• Efficient Pc Controlled By Hand Movement Using Mems Sensor Mouse 65 Higher sampling rates reduce the quantization noise and result in a 3 dB signal-to-noise ratio improvement for each doubling of the sam- pling frequency. Each noise source will now be described. • Brownian noise: The primary mechanical noise source for the device is due to the Brownian motion of gas molecules between comb fingers. The total noise equivalent acceleration (TNEA) 2.6 Noise Analysis of Closed Loop System There are several noise sources that affect the performance of the overall system; determining the minimum detectable input accelera- tion. In an oversampled electromechanical sigma-delta system, where, kB is the Boltzmann constant, T is the temperature in Kelvin,
  • Efficient Pc Controlled By Hand Movement Using Mems Sensor Mouse 66 is damping coeffiecient, and wr is resonance frequency. From Eqn.(3), it is seen that the MEMS accelerometer has smaller Brown- ian noise with larger-Q and heavier proof mass. Plugging device data into this equation results in Brownian motion noise around 10   • Amplifier noise: The readout circuitry utilizes correlated double sampling to reduce the input CMOS amplifier flicker noise; however, the ampli- fier thermal noise is amplified by the ratio of total input capacitors, including parasitics in the integrating capacitor. The noise at the out- put of the amplifier can be expressed by integrating the total noise power and dividing it by the effective noise bandwidth, which is half the sampling frequency. Therefore, the amplifier output noise volt- age due to thermal noise in the Op amp is expressed as: And magnitude The polarity indicates the direction of acceleration, And can be handily extracted by observing the sign of pulse bit where CT is the total input capacitance including parasitics, Cout is the capacitance of the Op amp output node, and fs is the sampling frequency. From this equation, the equivalent input acceleration noise due to amplifier thermal noise is about 0.7   .g Hz • KT/C noise: A major noise source in switched capacitor circuits is KT/C noise which is generated by the CMOS switch thermal noise. The rms voltage noise from thermal switch noise can be calculated by the integration of the bandwidth of the switch’s RC filter. The voltage noise power density due to this switch thermal noise is expressed as:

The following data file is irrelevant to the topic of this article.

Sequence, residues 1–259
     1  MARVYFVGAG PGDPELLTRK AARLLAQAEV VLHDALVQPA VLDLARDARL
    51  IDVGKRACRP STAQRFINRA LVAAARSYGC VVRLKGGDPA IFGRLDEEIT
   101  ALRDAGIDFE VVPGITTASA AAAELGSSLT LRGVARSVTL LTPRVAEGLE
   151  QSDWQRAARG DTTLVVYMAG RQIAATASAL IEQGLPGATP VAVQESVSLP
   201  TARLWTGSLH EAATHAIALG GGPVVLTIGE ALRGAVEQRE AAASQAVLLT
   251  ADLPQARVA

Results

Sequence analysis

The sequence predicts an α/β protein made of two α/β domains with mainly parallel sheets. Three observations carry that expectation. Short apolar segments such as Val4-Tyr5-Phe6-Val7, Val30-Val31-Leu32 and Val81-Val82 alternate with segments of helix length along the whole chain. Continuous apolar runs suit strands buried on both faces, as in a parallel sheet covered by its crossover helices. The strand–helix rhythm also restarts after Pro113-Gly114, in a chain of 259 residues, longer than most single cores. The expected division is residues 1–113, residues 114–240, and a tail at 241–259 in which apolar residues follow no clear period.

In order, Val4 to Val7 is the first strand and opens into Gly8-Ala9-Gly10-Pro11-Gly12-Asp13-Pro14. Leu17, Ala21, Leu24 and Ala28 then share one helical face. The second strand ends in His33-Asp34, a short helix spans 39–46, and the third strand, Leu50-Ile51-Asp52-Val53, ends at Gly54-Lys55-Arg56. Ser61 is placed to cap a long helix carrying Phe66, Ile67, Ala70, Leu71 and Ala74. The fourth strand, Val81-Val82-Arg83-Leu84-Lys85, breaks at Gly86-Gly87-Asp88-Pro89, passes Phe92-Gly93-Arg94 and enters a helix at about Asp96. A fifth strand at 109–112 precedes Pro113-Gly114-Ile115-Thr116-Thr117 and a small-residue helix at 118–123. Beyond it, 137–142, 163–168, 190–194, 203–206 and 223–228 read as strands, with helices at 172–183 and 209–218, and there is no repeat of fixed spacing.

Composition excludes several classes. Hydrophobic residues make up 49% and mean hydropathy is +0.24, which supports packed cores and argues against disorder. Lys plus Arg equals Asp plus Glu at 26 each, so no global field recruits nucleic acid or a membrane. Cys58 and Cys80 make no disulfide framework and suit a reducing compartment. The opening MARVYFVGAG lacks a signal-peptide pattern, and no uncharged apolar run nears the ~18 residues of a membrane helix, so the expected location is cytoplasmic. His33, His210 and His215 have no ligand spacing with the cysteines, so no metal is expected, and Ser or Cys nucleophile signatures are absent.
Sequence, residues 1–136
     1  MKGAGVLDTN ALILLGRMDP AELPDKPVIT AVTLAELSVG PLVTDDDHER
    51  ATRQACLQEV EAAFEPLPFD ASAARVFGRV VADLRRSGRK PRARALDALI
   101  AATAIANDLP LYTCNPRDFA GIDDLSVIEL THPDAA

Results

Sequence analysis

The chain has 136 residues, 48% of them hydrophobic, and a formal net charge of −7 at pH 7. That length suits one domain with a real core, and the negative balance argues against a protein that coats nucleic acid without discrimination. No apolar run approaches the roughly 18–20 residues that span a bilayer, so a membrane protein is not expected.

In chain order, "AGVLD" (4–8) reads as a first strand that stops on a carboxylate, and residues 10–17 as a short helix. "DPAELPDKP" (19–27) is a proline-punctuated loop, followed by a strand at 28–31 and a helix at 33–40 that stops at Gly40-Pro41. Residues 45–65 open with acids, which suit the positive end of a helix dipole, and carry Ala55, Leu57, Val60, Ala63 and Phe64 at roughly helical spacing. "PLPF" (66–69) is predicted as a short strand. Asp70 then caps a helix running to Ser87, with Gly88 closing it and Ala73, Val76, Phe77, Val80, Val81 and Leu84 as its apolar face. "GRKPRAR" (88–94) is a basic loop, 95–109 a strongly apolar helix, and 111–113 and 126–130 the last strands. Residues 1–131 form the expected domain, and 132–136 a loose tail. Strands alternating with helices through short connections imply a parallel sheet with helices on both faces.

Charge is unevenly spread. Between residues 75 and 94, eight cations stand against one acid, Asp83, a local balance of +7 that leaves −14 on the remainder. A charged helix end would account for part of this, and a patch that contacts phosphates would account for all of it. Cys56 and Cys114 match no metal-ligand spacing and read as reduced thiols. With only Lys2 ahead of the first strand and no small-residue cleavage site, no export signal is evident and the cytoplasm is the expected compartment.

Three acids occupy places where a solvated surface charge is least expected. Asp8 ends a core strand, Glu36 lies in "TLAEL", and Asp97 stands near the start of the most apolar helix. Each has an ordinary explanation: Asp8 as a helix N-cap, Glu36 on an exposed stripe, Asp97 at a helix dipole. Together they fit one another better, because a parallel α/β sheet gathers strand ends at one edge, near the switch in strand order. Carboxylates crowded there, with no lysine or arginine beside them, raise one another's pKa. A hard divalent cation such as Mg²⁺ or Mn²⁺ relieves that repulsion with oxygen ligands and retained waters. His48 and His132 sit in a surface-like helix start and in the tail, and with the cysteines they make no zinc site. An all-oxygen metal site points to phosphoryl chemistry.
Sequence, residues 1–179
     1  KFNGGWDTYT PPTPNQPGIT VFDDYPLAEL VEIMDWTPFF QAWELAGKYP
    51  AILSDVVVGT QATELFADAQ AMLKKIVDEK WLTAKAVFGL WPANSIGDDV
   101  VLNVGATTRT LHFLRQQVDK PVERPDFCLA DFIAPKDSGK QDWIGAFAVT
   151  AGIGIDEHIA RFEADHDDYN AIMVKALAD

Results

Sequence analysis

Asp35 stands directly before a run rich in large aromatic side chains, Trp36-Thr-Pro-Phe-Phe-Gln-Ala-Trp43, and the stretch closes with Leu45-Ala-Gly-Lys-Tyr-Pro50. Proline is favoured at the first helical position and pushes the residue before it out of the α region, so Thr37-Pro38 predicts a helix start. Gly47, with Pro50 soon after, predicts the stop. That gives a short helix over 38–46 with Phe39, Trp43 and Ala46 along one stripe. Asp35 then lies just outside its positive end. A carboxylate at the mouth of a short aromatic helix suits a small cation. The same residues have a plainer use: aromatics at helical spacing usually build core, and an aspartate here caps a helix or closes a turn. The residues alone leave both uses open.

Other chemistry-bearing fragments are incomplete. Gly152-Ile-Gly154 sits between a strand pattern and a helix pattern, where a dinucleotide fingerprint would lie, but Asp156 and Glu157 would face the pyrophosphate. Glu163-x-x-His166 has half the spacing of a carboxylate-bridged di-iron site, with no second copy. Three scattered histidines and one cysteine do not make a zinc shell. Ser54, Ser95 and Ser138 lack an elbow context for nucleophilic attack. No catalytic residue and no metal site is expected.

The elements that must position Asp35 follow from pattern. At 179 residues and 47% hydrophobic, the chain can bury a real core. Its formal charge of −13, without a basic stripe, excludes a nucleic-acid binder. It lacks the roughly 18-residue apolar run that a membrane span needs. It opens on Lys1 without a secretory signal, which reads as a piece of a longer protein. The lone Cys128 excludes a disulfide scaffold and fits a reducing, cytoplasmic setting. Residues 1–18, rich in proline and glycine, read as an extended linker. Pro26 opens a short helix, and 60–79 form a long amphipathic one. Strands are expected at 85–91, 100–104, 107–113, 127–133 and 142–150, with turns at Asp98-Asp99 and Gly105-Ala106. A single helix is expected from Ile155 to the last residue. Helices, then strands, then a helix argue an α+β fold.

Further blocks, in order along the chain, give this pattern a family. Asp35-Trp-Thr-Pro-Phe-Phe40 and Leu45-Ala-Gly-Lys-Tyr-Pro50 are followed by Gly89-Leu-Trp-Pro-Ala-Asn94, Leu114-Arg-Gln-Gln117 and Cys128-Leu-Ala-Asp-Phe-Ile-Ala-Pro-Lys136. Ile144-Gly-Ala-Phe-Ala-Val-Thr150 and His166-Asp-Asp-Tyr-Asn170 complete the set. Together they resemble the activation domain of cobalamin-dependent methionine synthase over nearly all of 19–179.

• Efficient Pc Controlled By Hand Movement Using Mems Sensor Mouse 67 Streams. For example, Figure 8 illustrates the movements of the mouse and corresponding acceleration values on both the X- and the Y-axis. It also shows the possible PWM (Pulse Width Modulation) bit streams. If the value of the pulse is 5 volts (digital value "1"), the acceleration is toward the positive direction, and vice versa. The width of the pulse bit streams is proportional to the magnitude of acceleration. The extraction of correct magnitude of acceleration can be achieved via two binary flags (flip-flops) and a binary counter as shown in Figure 9. The "c" flag is set to the polarity of the current.This KT/C voltage noise is converted to equivalent input accelera- tion noise as 0.3   .g Hz • Mass residual motion noise: The proof mass is being rebalanced by a pulse train and thus it has a residual motion with a small ac amplitude. The amplitude of this motion can be shown [8] to be approximately equal to x = 4 amax/ (fs)2 = 8.0x10-9[m] with amax=20g and fs=100kHz. This residual motion corresponds to an equivalent rms of 78 mg acceleration in this MEMS accelerometer. This acceleration can be randomized due to the varying input and hence it can be considered to be noise dis- tributed uniformly from dc to the proof mass residual motion fre- quency fs/4. This noise is then equivalent to 500   .g Hz • Dead Zone Noise: Assuming that the input of the accelerometer is zero, the feed- back voltage generates amax with frequency fs/4 because of electro- static force. Therefore, the input signal must be large enough to break this dead-zone pattern. The minimum rms input acceleration for this is adead-zone = 8amax(fr/fs)2 = 160 g, and should be counted as noise. • Total noise and Minimum detectable acceleration: Since all of the noise sources considered here are uncorrelated Input pulse bit stream synchronized by the system clock while the "p" flag value is the one shifted from the "c" flag flip-flop in the pre- vious clock cycle. The comparator compares the two flag values and whenever two flag values differ—i.e. the polarity of the input stream changes—it loads the current value of the binary counter into the"acceleration register" and at the same time resets the counter. While the "c" and "p" flags have the same value, the counter keeps increas- ing or decreasing based on the value of the "c" flag. Thus, the mag- nitude of generated values is proportional to the degree of the acceleration of movements, and the polarity of the input bit steams determines the direction of the user's movements. The positive value of the counter corresponds to positive acceleration and vice-versa. The "acceleration register" always keeps some static values specify- ing the previous acceleration magnitude and the control micropro- cessor only accesses this register to calculate the current position of the cursor. Whenever the acceleration register loads a new value from the counter, the "n" flag is set to "1" indicating that the new they may be summed giving a total noise of 530   Thug H zere- value has been loaded. The control microprocessor keeps polling "n" fore, the minimum detectable acceleration is the same as the one cal- culated by integrating this input acceleration density over the bandwidth of interest, ~100 Hz. The resultant minimum detectable acceleration is 5.3 mg, which is below the smallest acceleration a